Readers will notice that this collection of books, speeches, primary-source documents and essays doesn’t reflect an exclusively idealist or realist, liberal or conservative, isolationist or interventionist, nationalist or globalist stance on foreign and defense policy. Rather, Pathfinder represents a mix of those views—not unlike America itself.  

  • FOUNDATIONS & FUNDAMENTALS
  • CHALLENGES & THREATS

Foundations & Fundamentals

Building a Good Nation and a Great Power

Alexis de Tocqueville, Democracy in America, 1835

Abraham Lincoln, The Last Best Hope, 1862

Abraham Lincoln, Gettysburg Address, 1863

Theodore Roosevelt, Citizenship in a Democratic Republic, 1910

Theodore Roosevelt, In the Interest of Humanity, 1904

Martin Luther King, A Special Job for Mankind, 1965

Paul Kennedy, Rise and Fall of the Great Powers, 1987

Samuel Huntington, The U.S.—Decline or Renewal?, 1988

Ronald Reagan, Freedom Man, 1989

Paul Johnson, Modern Times, 1992 edition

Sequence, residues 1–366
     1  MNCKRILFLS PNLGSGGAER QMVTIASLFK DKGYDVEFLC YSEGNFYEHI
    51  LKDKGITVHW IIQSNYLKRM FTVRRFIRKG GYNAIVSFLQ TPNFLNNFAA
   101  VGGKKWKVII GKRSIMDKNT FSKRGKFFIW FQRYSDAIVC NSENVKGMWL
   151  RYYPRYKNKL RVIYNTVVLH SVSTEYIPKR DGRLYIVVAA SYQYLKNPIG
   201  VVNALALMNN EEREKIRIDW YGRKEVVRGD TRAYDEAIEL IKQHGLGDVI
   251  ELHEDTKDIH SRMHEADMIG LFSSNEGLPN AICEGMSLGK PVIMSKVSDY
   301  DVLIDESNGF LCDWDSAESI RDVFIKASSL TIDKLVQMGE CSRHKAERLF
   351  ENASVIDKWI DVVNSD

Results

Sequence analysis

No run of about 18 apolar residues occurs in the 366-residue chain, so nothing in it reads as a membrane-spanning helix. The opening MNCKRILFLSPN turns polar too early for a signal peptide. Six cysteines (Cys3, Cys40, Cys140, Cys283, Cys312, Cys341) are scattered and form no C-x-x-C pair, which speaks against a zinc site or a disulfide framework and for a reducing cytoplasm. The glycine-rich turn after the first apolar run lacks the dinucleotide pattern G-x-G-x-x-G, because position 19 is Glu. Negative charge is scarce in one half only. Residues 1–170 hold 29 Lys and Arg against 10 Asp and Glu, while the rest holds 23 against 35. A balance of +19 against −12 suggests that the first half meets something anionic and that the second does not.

Edmund Morris, Theodore Rex, 2001

Walter Russel Mead, Special Providence, 2001

John Lewis Gaddis, Surprise, Security and the American Experience, 2004

Niall Ferguson, Colossus, 2004

William Odom & Robert Dujarric, America’s Inadvertent Empire, 2004

Michael Mandelbaum, David’s Friend Goliath, 2006

Josef Joffe, The Default Power, 2009

Stephen Ambrose & Douglas Brinkley, Rise to Globalism: American Foreign Policy since 1938, 2011

Robert Kagan, The World America Made, 2012

Henry Nau, Conservative Internationalism, 2013

Robert Kaplan, In Defense of Empire, 2014

Robert Kagan, Superpowers Don’t Get to Retire, 2014

Robert Kaplan, America Is Fated to Lead, 2014

Dick Cheney & Liz Cheney, Exceptional: Why the World Needs a Powerful America, 2015

Learning from War

George Washington, The Urgent Need for Men and Supplies, 1777

Abraham Lincoln, Second Inaugural Address, 1865

Ulysses S. Grant, The Personal Memoirs of Ulysses S. Grant, 1885

Theodore Roosevelt, Preparedness, 1897

William McKinley, Message Requesting a Declaration of War, 1898